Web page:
CREW Fieldtrip to Stormy Hill

Article written by Kathy Milford

Six dogs of all shapes and sizes rushed out from their home at Stormy Hill, Boston to meet the wild flower enthusiasts who had arrived in search of Brunsvigia undulata. Caroline McKerrow and her dogs welcomed the nine ladies and they were soon all on their way up to Mt. Shannon driving through a maze of roads in the Mondi plantations.

Brunsvigia undulata

Brunsvigia undulata

The first stop was at a strip of grassland between the plantation and the road. There they were! Five Brunsvigia undulata, four with rich deep red flowers and the fifth going to seed.

Eulophia tenella

Eulophia tenella

The stream running through the grassland was bordered with bright orange Crocosmia potsii, dark blue Agapanthus sp and the pale Pycnostachys reticulata.

Crocosmia

Crocosmia potsii

Three enormous Eucomis comosa and a single Nerina appendiculata also bloomed on the banks. Sutera floribunda, Pentanisia angustifolia, Oxalis sp, Geranium sp and Vernonia sp were all blooming in the grassland.

Eucomis comosa

Eucomis comosa

Kniphofia angustifolia, and the strangely beautiful Habenaria dives the Death orchid, were blooming.

Habenaria dives

Habenaria dives

From there it was another drive past banks covered in hundreds of blooming Agapanthus sp and Papaver aculeatum to the next stop. There were two more Brunsvigia undulata!

Brunsvigia undulata students

Brunsvigia undulata

This area was being invaded by the ever present bramble. A beetle was busy on a Berkheya speciosa while Suvarna was happily Botanising with her students!

Berkeya speciosa

Berkeya speciosa

The excursion continued in the 4x4s through the maze of roads back to the top of Stormy Hill. Caroline’s magnificent horses were grazing between the orchids and a thousand other flowers.

Caroline and horses

Pelargonium luridum, Vernonia capensis, a Habenaria laevigata and a Kniphofia gracilis were the first flowers encountered.

Habenaria laevigata

Habenaria laevigata

A white Crassula alba was blooming next to a rock. Eulophia ovalis both the white and the yellow varieties were scattered about the entire area in their dozens.

Suvarna and Eulophia ovalis

Suvarna photographing an Eulophia ovalis

The strange looking, data deficient Schizoglossum bidens was excitedly spotted next to a rock.

Shizoglossum bidens

Shizoglossum bidens

An initial count amounted to 8 plants but as the morning progressed several more were found. A Zuluzianskya sp had its drumstick buds tightly closed in the midday sun. The graceful Alepidia amatymbica and Heliophila sp were growing together, nearby was the unusual Moraea brevistyla.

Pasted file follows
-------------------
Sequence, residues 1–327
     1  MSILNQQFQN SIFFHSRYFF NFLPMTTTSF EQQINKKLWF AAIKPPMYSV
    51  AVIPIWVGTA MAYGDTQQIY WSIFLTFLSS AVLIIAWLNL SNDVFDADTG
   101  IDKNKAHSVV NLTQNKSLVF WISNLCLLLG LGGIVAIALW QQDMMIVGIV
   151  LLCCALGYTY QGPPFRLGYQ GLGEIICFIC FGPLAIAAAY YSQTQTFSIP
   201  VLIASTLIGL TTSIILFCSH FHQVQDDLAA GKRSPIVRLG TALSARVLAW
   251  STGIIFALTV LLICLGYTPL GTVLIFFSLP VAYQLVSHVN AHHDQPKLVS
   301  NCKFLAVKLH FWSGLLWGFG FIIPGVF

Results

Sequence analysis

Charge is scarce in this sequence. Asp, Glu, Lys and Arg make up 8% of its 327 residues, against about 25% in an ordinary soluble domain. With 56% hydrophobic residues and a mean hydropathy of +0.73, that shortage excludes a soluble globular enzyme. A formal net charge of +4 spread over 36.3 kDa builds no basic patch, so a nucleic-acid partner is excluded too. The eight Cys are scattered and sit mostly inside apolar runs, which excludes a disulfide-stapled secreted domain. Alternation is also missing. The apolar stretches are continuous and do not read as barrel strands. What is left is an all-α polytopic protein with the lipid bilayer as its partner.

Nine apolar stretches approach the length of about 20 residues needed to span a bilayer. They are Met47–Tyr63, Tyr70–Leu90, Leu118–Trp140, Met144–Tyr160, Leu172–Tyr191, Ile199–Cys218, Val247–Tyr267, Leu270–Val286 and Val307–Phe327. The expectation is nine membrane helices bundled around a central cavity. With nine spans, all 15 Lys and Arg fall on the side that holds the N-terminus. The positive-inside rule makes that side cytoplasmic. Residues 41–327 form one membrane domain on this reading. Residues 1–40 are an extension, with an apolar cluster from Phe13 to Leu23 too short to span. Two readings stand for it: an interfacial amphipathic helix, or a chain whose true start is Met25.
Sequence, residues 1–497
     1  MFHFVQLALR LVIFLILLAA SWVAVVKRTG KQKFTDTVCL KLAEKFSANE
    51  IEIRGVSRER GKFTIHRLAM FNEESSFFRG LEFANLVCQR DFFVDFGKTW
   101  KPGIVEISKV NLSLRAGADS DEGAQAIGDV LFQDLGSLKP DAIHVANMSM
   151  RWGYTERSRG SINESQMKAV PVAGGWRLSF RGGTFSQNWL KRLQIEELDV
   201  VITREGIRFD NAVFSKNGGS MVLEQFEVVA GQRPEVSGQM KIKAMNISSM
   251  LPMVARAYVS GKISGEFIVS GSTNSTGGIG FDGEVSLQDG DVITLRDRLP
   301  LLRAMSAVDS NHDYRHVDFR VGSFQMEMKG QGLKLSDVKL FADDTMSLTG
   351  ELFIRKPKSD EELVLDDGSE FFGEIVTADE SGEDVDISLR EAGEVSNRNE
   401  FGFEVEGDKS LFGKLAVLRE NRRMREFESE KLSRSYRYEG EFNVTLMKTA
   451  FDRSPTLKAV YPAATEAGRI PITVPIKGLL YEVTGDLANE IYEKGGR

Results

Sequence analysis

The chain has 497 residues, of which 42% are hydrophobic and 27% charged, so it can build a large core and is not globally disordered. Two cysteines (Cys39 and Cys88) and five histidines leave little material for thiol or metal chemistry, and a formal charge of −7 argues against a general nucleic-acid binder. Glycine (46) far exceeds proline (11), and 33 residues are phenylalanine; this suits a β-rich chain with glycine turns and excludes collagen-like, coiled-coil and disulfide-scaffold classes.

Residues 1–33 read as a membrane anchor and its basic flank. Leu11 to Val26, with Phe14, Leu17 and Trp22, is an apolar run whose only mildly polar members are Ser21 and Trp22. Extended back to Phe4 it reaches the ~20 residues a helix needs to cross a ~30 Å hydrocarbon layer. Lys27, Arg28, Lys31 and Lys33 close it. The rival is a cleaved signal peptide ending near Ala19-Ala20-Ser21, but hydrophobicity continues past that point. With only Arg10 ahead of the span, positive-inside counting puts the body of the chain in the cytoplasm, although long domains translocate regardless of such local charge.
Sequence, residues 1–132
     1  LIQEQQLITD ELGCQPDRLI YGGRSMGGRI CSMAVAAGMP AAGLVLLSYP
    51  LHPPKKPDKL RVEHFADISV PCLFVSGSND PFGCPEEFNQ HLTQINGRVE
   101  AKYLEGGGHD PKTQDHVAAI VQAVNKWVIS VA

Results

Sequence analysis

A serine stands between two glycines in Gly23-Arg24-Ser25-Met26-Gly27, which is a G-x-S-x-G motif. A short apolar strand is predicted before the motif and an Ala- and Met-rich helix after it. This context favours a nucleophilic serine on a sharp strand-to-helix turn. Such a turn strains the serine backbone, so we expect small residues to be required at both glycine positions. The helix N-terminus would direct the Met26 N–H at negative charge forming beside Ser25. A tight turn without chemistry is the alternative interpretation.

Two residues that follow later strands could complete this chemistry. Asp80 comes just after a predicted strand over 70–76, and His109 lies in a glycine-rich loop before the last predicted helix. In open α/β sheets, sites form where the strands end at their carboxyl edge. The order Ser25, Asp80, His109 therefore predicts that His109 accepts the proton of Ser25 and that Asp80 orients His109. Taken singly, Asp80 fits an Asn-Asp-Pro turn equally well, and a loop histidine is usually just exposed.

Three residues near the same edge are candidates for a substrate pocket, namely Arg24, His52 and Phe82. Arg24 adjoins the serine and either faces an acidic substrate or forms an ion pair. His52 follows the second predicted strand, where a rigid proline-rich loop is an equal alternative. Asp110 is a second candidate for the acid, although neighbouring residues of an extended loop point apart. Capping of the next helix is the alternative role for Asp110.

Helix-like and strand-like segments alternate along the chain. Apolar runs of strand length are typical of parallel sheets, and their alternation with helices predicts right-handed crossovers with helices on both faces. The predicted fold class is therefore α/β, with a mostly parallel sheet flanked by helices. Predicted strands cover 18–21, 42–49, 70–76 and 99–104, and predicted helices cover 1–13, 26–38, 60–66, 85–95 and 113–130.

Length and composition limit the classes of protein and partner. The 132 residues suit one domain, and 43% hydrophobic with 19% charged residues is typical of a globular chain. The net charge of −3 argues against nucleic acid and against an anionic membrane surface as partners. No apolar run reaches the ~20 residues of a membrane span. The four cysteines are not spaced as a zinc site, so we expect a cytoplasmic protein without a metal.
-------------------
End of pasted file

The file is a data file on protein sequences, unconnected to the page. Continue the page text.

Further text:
Alepidida amatymbica and Heliophila

Alepidida amatymbica and Heliophila sp.

Leonotis intermedia, Stachys kuntzei, Lotononus corymbosa, Kniphofia angustifolia, Striga sp and Berkheya speciosa and many more were all blooming.

Kniphofia angustifolia

Kniphofia angustifolia

Being completely saturated with the profusion of flowers and the view over Boston it was time to turn back.

Kniphofia on Stormy Hill ridge

Kniphofia on Stormy Hill ridge

The return walk yielded Satyrium longicauda, and a startling single specimen of possible Pterygodium magnum. The magnificent plant was over a meter tall had a spike with dozens of beautiful little delicately fringed flowers.

Pterogdium magnum

Pterogdium magnum

On the last stretch of the homeward walk, everyone had become quite blaze and simply stepped right past Scabiosa columbaria, a lonely bright Gazania krebsiana and the little carpet flower Craterocapsa tarsodes!

Rhus berries

Rhus berries

Thanks go to Caroline for being a wild flower spotter extraordinaire and for patiently sharing her excellent observations with Midlands CREW. Thanks to Alison Young for the orchid identifications.

Asparagus on Stormy hill ridge

Asparagus on Stormy Hill ridge

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5 thoughts on “CREW Fieldtrip to Stormy Hill

  1. David Clulow

    Clearly a most successful expedition. It was crying out for a good write-up, so “well done” and many thanks for a thorough description with lots of lovely photos – from one who wasn’t there but wishes he was.

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  2. Meriel mitchell

    Sounded very exciting. Except for the use of 4×4 and a great camera, your expedition made me think of the early botanists and others on their trips of discovery! Thankyou for sharing.

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    1. Caroline McKerrow

      Being at Stormy Hill Horse Trails I should have taken them out on the horses. After all, that’s how I saw the Brusvegia Undulata in the first place.

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      Reply

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